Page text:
A group of computer scientists have devised a system capable of analysing a stream of video and producing a text-based description of its content, in a development that could be a boon for firms that employ those with visual impairments.
The system, dubbed Video in Sentences out (Viso) aims to describe who did what to whom, using object-detection and tracking tools, which analyse each video frame to build up a picture of what is happening.
While the system is still in its infancy, it is able to distinguish between objects such as bags and ball, skateboards and trucks.
The team, led by Andrei Barbu, of Purdue University, also taught the system to distinguish between the different types of body positions people may adopt and a variety of actions that they may be likely to undertake – such as bending down, sitting or running.
That was necessary because for the system to be effective, it had to be able to understand what was happening to an object while simultaneously determine the roles that objects play in events.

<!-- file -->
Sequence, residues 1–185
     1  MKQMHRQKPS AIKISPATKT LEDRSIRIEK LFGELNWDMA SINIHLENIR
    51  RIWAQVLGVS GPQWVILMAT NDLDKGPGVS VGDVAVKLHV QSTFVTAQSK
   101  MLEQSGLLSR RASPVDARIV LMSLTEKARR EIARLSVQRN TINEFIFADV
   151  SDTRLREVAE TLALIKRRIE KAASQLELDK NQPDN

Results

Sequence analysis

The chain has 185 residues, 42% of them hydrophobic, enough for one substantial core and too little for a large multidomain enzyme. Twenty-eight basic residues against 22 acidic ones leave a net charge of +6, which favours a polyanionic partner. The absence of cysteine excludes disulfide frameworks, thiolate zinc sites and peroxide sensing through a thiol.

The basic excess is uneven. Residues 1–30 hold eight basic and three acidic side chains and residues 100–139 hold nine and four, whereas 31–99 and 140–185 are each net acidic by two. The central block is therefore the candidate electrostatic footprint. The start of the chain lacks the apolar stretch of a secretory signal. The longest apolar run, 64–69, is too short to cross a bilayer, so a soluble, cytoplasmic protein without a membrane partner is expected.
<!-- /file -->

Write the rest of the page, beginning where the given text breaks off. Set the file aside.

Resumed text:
“Producing such rich descriptions requires determining event participants, the mapping of such participants to roles in the event, and their motion and properties,” the team wrote in a paper outlining their work.
The system was tested against a catalogue of video samples originally designed for testing US military research group DARPA's Mind's Eye automatic surveillance technologies.
The sentences produced by Viso – such as “the upright person hit the big ball” - were then compared against the descriptions generated by people signed up to Amazon's Mechanical Turk system.
While not yet perfect, Viso produced descriptions that were deemed in close agreement with the human-authored descriptions in about half of all cases.
The work was recently published on the arXiv [PDF] repository of academic papers.
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